The third reason is a case of major personal preference. I usually prefer a romance where we get to witness it through both characters. I like an alternating point of view. I like seeing what each person thinks of the other. (And, in truth, I prefer more than one perspective even if it’s not a romance.) Finally, while I’m not really a fan of the so-called ‘second chance’ romances, this one worked for me because they were never actually a couple before. (More like friends with benefits.)

5

Content Advisory: Briefly referenced past rape and physical abuse. Consensual sex.

While I find both these books (novella’s, but whatever) very nice additions to the ‘verse that Carriger has created, I’m not sure either work as an appropriate jumping on point. If you’re interested in the first published work, check out Soulless and if you’d prefer to read the series chronologically, try Etiquette & Espionage. (The former is more bodice ripper sexy while the latter is YA boarding (spy) school.)

Review: Venturess by Betsy Cornwell

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Venturess is the sequel to the awesome steampunk retelling of Cinderella, Mechanica. (This review will contain some spoilers for the romance outcome from Mechanica.)

Venturess on Goodreads
Mechanica on Goodreads

But I had worked hard since then to mend my heart and remake my understanding of love and family from the simple, binary ideas I’d had before. Fin and I weren’t the starry-eyed couple I’d dreamed of last winter, true; we were simply a unit, together with our Caro. We were three people who loved and needed one another, and it was as easy and as hard as that.

Nicolette got her happily ever after, even if it might not have been what anyone expected. Now she’s a well known, well respected inventor, happy with her family and Jules, her mechanical horse.

But war is brewing and when an attack is made on Prince Fin’s life, Nick, Fin and Caro get thrown right into the middle of it in an effort to save the land of Faerie.

Honestly, the easiest thing to say about this book was that I liked it, but didn’t love it. The biggest reason I was excited for it was the relationship between Nick, Caro and Fin. I don’t know how to describe it and, wonderfully enough, there’s never a name put to it.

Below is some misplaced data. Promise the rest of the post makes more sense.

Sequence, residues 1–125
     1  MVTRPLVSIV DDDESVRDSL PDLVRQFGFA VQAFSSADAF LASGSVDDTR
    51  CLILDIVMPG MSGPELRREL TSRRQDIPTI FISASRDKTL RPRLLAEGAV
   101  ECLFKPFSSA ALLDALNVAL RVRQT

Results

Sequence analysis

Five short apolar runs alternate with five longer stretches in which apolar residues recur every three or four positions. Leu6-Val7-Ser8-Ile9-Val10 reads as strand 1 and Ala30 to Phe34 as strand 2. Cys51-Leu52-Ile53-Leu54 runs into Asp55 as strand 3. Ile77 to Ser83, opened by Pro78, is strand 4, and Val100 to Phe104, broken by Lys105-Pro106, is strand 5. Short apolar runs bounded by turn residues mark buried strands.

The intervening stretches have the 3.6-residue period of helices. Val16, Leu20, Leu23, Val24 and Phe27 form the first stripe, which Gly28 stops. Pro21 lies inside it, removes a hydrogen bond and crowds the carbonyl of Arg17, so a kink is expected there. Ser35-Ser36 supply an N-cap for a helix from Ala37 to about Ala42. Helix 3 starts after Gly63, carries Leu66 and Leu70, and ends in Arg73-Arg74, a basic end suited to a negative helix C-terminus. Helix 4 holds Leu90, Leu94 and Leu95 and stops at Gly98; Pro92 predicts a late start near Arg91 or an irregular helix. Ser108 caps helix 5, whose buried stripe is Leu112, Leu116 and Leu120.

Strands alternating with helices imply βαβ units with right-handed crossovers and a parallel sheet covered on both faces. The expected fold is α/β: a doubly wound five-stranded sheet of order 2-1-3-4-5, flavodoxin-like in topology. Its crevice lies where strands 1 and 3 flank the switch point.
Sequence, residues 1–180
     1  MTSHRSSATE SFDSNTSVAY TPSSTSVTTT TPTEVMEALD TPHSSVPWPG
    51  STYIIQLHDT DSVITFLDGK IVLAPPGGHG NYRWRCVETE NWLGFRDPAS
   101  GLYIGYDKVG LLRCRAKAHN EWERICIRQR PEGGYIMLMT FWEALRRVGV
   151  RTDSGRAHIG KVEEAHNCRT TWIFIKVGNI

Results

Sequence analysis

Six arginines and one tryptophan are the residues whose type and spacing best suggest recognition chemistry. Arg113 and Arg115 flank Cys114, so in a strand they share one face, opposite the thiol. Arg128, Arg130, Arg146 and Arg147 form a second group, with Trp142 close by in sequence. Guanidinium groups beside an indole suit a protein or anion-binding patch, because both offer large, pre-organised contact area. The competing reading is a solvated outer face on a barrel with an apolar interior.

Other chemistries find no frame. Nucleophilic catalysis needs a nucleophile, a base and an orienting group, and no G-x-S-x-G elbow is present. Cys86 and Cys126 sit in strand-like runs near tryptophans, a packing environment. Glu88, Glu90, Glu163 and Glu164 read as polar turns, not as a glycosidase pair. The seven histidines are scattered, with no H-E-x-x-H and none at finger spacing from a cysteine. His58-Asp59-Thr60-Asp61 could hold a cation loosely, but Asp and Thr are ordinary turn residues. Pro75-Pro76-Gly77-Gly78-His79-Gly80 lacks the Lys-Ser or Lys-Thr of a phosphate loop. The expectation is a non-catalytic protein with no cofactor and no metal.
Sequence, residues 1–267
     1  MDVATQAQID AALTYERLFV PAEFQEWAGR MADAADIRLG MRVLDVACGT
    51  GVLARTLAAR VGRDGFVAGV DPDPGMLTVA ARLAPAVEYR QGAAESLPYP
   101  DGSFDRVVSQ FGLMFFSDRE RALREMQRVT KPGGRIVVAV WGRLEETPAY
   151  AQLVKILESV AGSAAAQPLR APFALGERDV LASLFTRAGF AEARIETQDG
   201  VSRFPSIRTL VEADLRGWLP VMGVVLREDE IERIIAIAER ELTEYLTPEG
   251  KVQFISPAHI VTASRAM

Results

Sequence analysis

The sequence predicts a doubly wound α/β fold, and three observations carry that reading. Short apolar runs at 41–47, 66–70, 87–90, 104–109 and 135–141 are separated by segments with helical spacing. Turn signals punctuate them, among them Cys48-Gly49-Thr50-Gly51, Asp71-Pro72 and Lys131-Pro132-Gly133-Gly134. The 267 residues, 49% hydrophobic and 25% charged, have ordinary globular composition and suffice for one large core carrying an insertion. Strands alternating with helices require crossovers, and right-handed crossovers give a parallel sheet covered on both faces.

It definitely was lovely though, and seeing them work together and love and trust each other was beautiful. Without a doubt it was my favorite thing in the story.

But this book was surprisingly different then the previous. That’s not necessarily a bad thing, but I was expecting more in the way of slow moving character development and was quite surprised at the amount of death in this book and how truly unpleasant things get.

Nick has continued to grow as a person and, honestly, shows a lot of development that I might not have credited her with. She’s brave and strong, but she also leans on her friends – who, in turn, lean on her. (Once again, love those three together.)

She’s faced with several trials through the story (several twists) that I think she handled wonderfully. Well, for the most part. I don’t think running away from your problems helps anything, but she dealt with them eventually and stayed true to herself.

The twists were…well, the first one was obvious. I wasn’t sure what the explanation would be, but I did see it coming from very early on it the book. I kind of think that it maybe wasn’t supposed to be a surprise because it was followed up with another twist almost immediately. (That one I didn’t see coming.)

Over all, a lot of questions were answered, it was nice to see Faerie, closure was had, and I still wanted to know more of what Nick, Caro and Fin were doing. (Also, I have to say, I adore the Faerie culture. They understand Nick’s relationship in a way that humans won’t and it was so lovely.)

4

Content Advisory: Nothing explicit. Some mentions of torture. Talk of death and animal death. Nightmares. Implied death. Really, all the even vaguely unpleasant things are mostly left up to your imagination – and I have a VERY active imagination so I imagine worse than it probably truly was.